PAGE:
Bone disorders exact a considerable toll on human health in both children and adults. Dr. Long seeks to understand the fundamental mechanisms underlying both normal skeletal development and the pathophysiology of bone diseases. His current research includes studies of skeletal stem cells and progenitors, metabolic regulation of bone cells, and the integration of bone and whole-body metabolism.
Dr. Tong investigates cytokine receptor signaling in normal and neoplastic hematopoietic development. She uses integrated approaches encompassing biochemistry, molecular biology, mouse models, and primary human samples to understand signaling events emanating from cytokine receptors that regulate the development of hematopoietic stem/progenitor cells.
Dr. Lefebvre investigates the genetic mechanisms that generate the diversity of cell types composing the body. Her emphasis is on deciphering how proteins called SOX transcription factors specify stem cells and highly specialized cells in the skeleton, how changes in these factors cause skeletal diseases, and how these factors also control other processes, including brain development and intellectual disability diseases.
Dr. Worthen's research program focuses on the mechanisms of acute inflammation in the lung. For more than 30 years he has worked to develop concepts, tools, and approaches to understand how neutrophils are mobilized from the bone marrow, retained within pulmonary capillaries, and migrate into the lung parenchyma and airspaces.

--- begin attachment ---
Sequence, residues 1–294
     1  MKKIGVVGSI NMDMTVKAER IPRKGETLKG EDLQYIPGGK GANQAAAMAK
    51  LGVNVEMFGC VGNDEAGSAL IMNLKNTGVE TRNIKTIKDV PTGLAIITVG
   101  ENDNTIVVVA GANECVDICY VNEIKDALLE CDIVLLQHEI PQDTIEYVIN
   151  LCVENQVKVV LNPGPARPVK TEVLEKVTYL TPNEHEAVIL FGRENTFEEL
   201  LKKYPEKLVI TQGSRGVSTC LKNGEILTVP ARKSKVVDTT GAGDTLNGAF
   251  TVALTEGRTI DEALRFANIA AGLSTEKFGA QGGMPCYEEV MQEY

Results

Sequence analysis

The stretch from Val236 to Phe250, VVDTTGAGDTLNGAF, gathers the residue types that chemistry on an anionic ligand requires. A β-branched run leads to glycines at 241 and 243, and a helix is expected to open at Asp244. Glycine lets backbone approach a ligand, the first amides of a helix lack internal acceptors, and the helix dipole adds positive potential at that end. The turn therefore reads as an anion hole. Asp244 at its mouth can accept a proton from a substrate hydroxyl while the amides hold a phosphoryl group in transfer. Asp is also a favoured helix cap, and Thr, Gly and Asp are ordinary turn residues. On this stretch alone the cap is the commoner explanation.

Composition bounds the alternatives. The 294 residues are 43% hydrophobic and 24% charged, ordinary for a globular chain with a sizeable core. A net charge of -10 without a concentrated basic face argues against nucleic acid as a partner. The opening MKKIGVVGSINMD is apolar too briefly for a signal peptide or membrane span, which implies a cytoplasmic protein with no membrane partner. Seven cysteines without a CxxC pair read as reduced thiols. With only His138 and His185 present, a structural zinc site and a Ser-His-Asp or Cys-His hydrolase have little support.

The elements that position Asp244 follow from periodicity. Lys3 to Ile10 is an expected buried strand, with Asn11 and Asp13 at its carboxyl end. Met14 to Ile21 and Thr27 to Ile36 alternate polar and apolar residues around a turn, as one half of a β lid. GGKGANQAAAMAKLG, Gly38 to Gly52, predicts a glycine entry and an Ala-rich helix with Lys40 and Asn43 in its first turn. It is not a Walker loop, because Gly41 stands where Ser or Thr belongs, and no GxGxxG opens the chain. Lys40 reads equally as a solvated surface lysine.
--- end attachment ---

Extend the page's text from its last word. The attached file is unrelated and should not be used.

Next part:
Dr. Mostoufi-Moab's clinical and research program is focused on endocrine late effects after childhood cancer therapy. She has unique dual training in pediatric endocrinology and oncology with a master's degree in clinical epidemiology. The goal of her research program is to pursue a mechanistic understanding of metabolic and endocrine disorders that occur due to cancer therapy.
Christoph Seiler, PhD, received a Foerderer Fund for Excellence award at The Children’s Hospital of Philadelphia in 2015 to study this mechanism. German-born Dr. Seiler pointed out that “Foerderer,” in German, means supporter or sponsor. Its name is therefore apt, because the internal award program spurs research projects that need a bit of support to generate pilot data that can later help those projects stand out in the competitive awarding of external funds.
The term “stem cell,” stammzellen, was first used in 1868 by the German biologist Ernst Haeckel to describe the original, unicellular progenitor from which Dr. Haekel supposed all multicellular plant and animal life might have descended.